The lawsuit was filed in 2015 by 13 residents of New York’s Flushing, a majority-Chinese neighborhood, against the Chinese Anti-Cult World Alliance (CACWA) in a bid to stop what they described as a six-year-long campaign that has targeted them with beatings, harassment, and death threats in their community.
“In this case, a religious group known as the Falun Gong, which originated in China, experienced persecution and harassment on American soil,” Paxton said.
The Falun Gong practitioners have sued under federal and state law, Paxton said, including "one claim that asserted that they were victims of threats or acts of violence intended to chill their First Amendment right to free religious worship.”
As the lead counsel noted, several other claims will proceed to trial regardless of whether the Supreme Court grants certiorari, or review.
The AGs are joined by Texas-based First Liberty Institute, John D. Inazu, professor of law and religion at the Washington University in St. Louis, and Washington-based nonprofit law firm Becket Fund for Religious Liberty.
Falun Gong is a spiritual practice consisting of meditative exercises and moral teachings centered on the tenets of truthfulness, compassion, and tolerance. It became widely popular in China in the 1990s. In 1999, the communist regime, perceiving that popularity to be a threat, began a nationwide persecution targeting the practice and its adherents.
‘An Issue of National Importance’The AGs, in their amicus brief, said the ruling of a lower court dismissing the case is “wrong on an issue of national importance that stands at the center of our constitutional tradition”—namely, religious liberty.
“America’s commitment to religious freedom is ‘essential.’ ... It constitutes ‘one of our most treasured and jealously guarded constitutional rights,'” the AGs wrote, quoting previous court opinions.
The Freedom of Access to Clinic Entrances Act makes it a federal crime for anyone, “by force or threat of force or by physical obstruction,” to injure, intimidate, or interfere with any person lawfully exercising or seeking to exercise religious freedom “at a place of religious worship.”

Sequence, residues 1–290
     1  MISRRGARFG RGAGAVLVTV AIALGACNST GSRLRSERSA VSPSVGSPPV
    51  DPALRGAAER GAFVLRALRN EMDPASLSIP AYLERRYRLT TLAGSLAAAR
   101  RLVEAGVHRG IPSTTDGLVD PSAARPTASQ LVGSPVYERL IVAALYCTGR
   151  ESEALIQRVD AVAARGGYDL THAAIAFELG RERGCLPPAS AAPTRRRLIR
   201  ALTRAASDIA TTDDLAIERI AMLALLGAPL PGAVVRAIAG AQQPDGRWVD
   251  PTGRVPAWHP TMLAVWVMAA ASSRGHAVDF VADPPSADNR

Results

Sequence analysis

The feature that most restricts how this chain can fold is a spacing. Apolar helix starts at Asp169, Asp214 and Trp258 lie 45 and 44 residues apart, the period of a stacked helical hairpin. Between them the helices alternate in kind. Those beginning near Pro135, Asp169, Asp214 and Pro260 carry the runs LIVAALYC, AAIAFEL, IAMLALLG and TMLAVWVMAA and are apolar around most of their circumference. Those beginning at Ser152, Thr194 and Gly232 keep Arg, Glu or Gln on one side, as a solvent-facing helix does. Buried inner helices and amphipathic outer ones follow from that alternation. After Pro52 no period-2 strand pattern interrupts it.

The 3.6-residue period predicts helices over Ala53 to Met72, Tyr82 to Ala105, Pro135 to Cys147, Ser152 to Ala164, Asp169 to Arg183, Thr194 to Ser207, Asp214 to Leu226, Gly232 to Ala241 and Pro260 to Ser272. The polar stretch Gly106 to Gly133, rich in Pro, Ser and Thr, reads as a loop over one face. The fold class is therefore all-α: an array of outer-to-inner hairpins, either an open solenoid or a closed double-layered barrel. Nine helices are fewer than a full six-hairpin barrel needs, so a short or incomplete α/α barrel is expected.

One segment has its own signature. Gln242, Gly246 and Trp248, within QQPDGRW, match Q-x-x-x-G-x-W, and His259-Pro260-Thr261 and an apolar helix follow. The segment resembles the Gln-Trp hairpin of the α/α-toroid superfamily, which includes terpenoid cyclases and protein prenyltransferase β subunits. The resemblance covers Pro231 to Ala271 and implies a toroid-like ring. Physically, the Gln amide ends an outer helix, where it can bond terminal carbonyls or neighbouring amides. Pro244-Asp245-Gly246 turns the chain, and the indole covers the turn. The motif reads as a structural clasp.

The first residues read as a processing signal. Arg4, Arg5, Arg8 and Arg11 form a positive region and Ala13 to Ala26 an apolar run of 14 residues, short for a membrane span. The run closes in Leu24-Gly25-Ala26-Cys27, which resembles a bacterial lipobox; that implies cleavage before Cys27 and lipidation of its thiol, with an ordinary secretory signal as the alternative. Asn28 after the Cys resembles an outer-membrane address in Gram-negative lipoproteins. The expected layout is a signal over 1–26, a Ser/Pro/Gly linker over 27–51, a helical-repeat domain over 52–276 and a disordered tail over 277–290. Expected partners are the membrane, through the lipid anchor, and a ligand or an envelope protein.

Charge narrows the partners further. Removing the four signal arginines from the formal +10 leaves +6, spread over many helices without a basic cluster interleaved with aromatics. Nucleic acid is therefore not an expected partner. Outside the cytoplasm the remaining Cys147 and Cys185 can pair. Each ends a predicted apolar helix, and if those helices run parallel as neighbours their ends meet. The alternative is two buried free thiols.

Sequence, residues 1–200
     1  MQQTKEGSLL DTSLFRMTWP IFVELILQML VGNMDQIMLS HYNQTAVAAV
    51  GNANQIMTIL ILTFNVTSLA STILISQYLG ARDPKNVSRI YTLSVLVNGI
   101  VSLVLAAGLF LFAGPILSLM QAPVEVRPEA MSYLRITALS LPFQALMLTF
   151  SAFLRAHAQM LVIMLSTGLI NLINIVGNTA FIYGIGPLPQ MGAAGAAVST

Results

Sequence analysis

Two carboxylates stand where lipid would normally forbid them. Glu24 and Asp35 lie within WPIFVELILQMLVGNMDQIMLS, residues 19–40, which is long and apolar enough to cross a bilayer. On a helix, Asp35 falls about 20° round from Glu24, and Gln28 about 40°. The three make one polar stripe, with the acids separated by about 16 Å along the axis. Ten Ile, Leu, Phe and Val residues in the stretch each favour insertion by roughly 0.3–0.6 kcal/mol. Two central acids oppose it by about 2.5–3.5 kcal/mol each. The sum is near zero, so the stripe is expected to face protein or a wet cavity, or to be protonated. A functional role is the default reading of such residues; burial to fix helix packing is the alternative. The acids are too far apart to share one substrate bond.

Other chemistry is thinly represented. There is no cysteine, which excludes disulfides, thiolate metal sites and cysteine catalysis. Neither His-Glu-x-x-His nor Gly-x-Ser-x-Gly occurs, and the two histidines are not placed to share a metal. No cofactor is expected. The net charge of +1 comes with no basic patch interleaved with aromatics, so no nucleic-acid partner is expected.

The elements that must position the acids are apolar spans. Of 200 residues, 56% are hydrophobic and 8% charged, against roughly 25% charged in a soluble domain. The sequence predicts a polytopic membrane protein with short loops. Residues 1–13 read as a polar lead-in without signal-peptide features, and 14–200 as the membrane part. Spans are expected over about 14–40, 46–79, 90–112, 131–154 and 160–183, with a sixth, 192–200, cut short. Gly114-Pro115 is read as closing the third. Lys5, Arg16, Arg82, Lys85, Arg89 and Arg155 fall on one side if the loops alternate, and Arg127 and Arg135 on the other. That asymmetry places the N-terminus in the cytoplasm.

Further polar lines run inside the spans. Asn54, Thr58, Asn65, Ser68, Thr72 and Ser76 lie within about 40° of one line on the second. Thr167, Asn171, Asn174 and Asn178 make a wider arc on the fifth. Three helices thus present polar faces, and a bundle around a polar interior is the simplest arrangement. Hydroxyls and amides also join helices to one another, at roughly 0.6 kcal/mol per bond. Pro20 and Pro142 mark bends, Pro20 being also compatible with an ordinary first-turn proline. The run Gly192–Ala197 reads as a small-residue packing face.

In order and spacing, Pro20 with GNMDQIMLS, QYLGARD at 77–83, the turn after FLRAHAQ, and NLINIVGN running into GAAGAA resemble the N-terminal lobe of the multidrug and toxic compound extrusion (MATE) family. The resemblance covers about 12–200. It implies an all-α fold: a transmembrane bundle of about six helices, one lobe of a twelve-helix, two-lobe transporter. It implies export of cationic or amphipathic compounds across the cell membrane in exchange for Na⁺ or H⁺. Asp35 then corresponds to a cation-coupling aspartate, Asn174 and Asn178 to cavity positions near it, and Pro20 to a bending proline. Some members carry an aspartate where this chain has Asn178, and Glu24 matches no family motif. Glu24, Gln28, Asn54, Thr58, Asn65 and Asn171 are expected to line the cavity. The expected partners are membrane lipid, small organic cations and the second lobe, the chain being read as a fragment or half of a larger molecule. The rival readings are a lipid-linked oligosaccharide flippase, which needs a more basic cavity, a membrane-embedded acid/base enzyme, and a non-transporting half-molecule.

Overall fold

But the U.S. Court of Appeals for the 2nd Circuit in New York denied the plaintiffs the statute’s protection by narrowly interpreting the term “place of religious worship” as places “primarily” devoted to religious worship activity.
In doing so, the court “unduly narrowed a statute meant to bar the worst acts of violence in many of America’s sacred places,” the attorneys general said.
Paxton stated that the lower court’s decision had “resulted in insufficient protection of Falun Gong’s religious liberty.”
“The group started in China under a Communist regime hostile to religious pluralism,” the AGs wrote. “Many Falun Gong practitioners have thus fled to America. Yet even after coming here, Petitioners allegedly continue to face persecution and abuse from Communist sympathizers.”
Erping Zhang, a spokesperson at the Falun Dafa Information Center, said the Chinese Communist Party “could not be more wrong” for assuming it can trample on religious liberty in America.
"Religious liberty is fundamental to a free America. The Chinese Communist Party assumes it can trample on this sacred right of Americans with its overseas religious persecution campaigns,” he told The Epoch Times. “But it could not be more wrong.
“With the support of 23 attorneys general across the United States and several other high-quality briefs, the Supreme Court may agree to hear the case. Apart from that, we believe that the American legal system will deliver rightful justice in the end and protect fundamental American interests.”
The AGs who filed the amicus brief are from West Virginia, Alabama, Arizona, Arkansas, Florida, Indiana, Kansas, Kentucky, Louisiana, Mississippi, Missouri, Montana, Nebraska, New Hampshire, North Dakota, Ohio, Oklahoma, South Carolina, South Dakota, Tennessee, Texas, Utah, and Virginia.